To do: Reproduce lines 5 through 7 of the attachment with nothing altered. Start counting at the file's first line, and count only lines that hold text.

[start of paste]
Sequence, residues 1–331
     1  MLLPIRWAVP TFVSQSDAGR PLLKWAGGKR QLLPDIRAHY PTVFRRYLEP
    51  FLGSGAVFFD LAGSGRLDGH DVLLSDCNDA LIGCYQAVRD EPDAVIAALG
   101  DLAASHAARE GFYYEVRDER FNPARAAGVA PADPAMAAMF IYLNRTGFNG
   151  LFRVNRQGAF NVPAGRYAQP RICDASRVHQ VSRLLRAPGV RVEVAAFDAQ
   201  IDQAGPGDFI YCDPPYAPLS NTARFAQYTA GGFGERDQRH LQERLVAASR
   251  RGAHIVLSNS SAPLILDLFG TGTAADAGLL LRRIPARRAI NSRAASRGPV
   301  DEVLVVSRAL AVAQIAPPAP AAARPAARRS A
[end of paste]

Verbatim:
   151  LFRVNRQGAF NVPAGRYAQP RICDASRVHQ VSRLLRAPGV RVEVAAFDAQ
   201  IDQAGPGDFI YCDPPYAPLS NTARFAQYTA GGFGERDQRH LQERLVAASR
   251  RGAHIVLSNS SAPLILDLFG TGTAADAGLL LRRIPARRAI NSRAASRGPV